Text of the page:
(AP) -- The government is helping two dozen TV stations that became difficult to receive by antenna when they switched to new frequencies as part of the digital TV transition, the Federal Communications Commission said Thursday.
Most of the stations, in cities like Chicago, Philadelphia, New York and Dallas, moved their digital broadcasts from the UHF band to the VHF band on June 12, when they turned off their analog broadcasts.
The VHF band was previously used only for analog broadcasts, and was largely untried as a carrier for digital broadcasts. While UHF can be received well with small indoor antennas, the best VHF antennas are large rooftop units. Many antennas sold as "digital" ones in the last few years receive UHF only.
The FCC has sent engineers to some of the affected cities, and has granted temporary permission to some stations to increase the strength of their signals as it seeks a long-term solution, said Robert Ratcliffe, acting chief of the FCC's media bureau.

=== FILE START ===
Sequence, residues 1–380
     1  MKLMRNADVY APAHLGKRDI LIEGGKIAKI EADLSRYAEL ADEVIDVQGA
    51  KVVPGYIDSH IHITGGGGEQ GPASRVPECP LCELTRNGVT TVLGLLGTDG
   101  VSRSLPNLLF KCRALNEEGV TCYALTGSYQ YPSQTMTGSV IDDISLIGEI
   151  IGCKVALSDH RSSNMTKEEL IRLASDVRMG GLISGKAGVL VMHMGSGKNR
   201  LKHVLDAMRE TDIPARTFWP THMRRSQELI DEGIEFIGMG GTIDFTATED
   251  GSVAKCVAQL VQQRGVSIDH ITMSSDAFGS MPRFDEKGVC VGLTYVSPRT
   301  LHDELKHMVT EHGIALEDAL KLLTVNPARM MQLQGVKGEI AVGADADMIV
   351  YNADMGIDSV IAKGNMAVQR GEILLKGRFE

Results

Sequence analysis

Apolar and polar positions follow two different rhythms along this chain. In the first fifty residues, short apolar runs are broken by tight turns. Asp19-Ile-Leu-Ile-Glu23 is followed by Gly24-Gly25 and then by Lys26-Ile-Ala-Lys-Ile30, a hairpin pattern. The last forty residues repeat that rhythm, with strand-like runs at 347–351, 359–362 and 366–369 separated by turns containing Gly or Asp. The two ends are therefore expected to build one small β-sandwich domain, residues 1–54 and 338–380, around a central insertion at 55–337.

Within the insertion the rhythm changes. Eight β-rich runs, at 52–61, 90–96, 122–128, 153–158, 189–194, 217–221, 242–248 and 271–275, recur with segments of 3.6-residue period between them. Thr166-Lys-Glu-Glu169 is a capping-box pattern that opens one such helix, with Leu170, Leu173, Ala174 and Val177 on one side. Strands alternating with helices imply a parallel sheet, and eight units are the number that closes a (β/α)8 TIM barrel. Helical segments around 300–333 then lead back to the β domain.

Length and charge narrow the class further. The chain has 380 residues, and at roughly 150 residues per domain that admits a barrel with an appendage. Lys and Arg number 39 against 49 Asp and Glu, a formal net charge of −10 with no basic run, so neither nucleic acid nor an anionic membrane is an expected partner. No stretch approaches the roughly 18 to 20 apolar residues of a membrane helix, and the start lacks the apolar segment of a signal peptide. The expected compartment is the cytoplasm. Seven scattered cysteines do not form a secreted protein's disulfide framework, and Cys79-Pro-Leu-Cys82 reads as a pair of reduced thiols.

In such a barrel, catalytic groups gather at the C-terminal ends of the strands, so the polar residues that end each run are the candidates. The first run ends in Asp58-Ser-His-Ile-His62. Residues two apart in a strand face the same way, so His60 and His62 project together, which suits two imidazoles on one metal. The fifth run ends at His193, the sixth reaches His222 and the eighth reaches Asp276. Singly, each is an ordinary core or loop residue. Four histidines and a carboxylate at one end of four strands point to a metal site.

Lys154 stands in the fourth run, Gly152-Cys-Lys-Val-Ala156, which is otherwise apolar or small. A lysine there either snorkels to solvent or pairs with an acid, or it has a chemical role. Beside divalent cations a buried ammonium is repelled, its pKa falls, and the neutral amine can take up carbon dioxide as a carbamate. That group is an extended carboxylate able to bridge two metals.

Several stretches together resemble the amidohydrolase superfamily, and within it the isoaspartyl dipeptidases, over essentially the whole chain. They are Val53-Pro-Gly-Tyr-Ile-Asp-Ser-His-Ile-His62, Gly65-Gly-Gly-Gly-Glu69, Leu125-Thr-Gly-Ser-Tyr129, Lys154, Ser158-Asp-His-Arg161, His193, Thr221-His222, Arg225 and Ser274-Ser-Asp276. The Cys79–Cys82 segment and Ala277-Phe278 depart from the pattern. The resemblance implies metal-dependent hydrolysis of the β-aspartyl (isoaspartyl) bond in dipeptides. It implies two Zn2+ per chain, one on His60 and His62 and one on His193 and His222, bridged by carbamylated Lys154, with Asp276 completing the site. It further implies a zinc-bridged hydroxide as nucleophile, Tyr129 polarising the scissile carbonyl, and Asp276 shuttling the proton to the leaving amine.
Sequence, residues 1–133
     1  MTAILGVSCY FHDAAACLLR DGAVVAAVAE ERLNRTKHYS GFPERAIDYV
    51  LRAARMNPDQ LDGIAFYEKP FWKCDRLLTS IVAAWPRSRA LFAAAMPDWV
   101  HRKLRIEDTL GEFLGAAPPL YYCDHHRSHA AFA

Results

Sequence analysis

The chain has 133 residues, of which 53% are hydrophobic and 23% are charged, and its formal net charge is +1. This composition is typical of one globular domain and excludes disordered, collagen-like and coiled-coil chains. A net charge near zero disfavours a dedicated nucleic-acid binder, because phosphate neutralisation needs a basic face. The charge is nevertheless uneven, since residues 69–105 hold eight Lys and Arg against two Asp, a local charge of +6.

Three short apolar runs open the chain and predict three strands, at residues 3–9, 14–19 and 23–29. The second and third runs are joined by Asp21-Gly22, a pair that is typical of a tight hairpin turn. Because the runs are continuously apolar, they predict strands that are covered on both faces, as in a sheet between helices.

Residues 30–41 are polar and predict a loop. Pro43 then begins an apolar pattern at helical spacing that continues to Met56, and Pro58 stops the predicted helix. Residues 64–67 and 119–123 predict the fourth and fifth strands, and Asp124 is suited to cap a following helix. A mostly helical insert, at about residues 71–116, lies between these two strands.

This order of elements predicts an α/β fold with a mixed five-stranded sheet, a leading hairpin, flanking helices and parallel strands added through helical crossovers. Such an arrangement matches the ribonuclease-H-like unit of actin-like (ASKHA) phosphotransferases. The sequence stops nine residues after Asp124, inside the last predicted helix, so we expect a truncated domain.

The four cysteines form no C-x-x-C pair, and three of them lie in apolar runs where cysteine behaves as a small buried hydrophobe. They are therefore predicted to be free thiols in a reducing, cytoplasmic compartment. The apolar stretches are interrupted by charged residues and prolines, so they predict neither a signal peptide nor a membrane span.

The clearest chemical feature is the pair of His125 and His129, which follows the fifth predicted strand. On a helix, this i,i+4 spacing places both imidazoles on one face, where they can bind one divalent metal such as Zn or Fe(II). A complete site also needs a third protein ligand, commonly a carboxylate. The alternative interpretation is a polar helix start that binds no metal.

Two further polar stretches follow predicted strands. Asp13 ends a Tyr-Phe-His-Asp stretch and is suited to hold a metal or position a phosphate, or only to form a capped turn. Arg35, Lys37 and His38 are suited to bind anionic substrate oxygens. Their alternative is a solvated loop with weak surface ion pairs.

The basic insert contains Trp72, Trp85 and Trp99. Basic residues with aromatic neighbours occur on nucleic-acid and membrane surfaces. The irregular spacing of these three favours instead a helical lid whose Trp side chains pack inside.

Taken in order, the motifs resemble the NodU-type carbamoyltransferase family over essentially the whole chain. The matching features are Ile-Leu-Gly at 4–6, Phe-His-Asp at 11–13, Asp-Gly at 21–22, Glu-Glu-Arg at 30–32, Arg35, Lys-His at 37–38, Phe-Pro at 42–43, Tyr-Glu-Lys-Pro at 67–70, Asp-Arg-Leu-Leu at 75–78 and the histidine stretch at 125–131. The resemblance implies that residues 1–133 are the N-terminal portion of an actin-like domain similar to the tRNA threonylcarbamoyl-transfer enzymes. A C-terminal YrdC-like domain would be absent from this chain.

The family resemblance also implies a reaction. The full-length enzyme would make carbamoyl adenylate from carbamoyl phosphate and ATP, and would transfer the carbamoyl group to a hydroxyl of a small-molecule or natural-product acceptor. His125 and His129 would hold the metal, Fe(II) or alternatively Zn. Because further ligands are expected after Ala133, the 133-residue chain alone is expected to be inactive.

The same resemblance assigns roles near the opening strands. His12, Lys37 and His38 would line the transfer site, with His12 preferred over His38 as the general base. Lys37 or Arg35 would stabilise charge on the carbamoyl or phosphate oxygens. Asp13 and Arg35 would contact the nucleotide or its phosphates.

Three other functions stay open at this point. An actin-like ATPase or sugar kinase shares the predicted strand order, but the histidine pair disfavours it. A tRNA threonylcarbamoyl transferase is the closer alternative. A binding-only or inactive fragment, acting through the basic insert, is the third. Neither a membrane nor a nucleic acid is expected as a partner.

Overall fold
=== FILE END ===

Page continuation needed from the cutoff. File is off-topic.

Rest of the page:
ABC-affiliated Channel 6 in Philadelphia is one of the stations that lost viewers after the transition, and received temporary permission to boost its power output, according to a newscast last week. The ABC station in Chicago has also had problems.
Just after June 12, about 30 percent of callers to the FCC's help center had difficulties receiving one or more digital stations. That figure has declined this week to just above 20 percent, the FCC said.
"Fortunately, for the vast majority of stations, the transition has been successful, and consumers have realized the benefits of digital television," Ratcliffe said at an FCC meeting Thursday.
©2009 The Associated Press. All rights reserved. This material may not be published, broadcast, rewritten or redistributed.
Explore further: Why the SIM card has had its day